I won't bore you with the history of South Shields United - mainly because they don't have one. Founded and managed by Gareth Allen (described in Ian Cusack's Village Voice as "Humpty Dumpty with Tourette's"), they were promoted out of the Northern Alliance league's bottom division in only their second season, and ended last year as Durham FA Minor Cup winners and beaten finalists in the Dave Foster Cup. Heady days indeed.
After moving between council and community centre pitches, United have settled at the Harton & Westoe Miners' Welfare ground, which they share with Simonside FC. An 8-2 win over Peterlee Town in their last home game has attracted a crowd of nine, with an extra three on the balcony during breaks in the bingo. At Level 12 of the National League System, this is the lowest level of football I've seen since England played Algeria.
Hampered by the pitch, Shields play a modified version of what FC United of Manchester manager Karl Marginson calls 90-90 football: 90% of their play comes down the left of midfield and 90% of their passes go out for a throw in. Heddon, more famous for starting the 2001 Foot and Mouth outbreak, have a penalty appeal turned down ("Blatant," admits Allen) before the home side take the lead. A crossfield pass is cut back into the centre where a diving header smacks the ball beyond the keeper. "What a good goal, what a good goal," purrs the man in the Heddon manager's coat who's standing on my right.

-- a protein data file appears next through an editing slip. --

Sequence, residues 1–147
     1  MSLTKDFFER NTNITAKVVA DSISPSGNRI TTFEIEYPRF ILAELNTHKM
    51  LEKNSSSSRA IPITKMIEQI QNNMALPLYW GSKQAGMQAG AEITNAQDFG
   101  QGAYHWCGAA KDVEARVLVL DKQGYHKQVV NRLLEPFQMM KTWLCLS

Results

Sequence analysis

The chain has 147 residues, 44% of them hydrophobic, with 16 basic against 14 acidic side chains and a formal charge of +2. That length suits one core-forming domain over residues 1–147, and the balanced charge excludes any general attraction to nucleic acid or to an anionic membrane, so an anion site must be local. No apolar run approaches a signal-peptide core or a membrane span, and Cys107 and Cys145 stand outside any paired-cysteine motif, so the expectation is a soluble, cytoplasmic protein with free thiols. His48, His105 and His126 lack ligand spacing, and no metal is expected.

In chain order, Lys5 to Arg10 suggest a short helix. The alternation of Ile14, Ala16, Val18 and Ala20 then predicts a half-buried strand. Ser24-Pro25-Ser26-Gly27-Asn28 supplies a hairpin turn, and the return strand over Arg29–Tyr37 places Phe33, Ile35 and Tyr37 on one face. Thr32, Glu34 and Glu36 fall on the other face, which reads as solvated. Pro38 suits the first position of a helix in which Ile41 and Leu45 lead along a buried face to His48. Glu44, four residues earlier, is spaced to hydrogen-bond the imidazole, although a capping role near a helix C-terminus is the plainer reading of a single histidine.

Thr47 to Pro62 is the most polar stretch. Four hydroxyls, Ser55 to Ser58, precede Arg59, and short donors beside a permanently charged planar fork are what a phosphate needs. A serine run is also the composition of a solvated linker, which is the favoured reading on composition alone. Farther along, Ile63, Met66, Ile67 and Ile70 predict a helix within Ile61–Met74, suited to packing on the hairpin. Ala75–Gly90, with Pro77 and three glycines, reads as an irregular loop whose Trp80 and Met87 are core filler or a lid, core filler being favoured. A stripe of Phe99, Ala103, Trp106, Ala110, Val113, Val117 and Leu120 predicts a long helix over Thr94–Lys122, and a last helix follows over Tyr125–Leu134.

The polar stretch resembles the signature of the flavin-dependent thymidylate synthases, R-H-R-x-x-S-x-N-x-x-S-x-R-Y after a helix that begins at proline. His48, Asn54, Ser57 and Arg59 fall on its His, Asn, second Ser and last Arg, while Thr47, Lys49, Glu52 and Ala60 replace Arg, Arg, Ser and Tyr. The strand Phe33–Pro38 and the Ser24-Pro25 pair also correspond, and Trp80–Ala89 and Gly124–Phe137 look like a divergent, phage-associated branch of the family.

He's not so happy with the second. A shot hits the base of the post, the rebound is hacked off the line, and the ball goes in at the third attempt. "It was offside in the second line or whatever you call it," he says to his mate. "Yer watch too much telly ye, man."
"Two-nil's a horrible score," consoles the Heddon manager in his half-time team talk. "They won't know whether to go for it or to sit back. The next goal's massive." The players listen silently - then concede a third with the first attack of the half. A free-kick is nodded down and Heddon's keeper hits the ground like an imploding smokestack, only to find the ball's already crossed the line. "Dear me, lino, that was never a free kick," says one Heddon supporter. "Are you from South Shields?" asks another.
Heddon score from a corner, Shields hit the bar with only the keeper to beat, the sun drops below the starter homes behind the far goal. "They're trying to play impossible balls," says the Heddon fan as a last-minute through ball goes out for a goalkick.
Date: 6th November 2010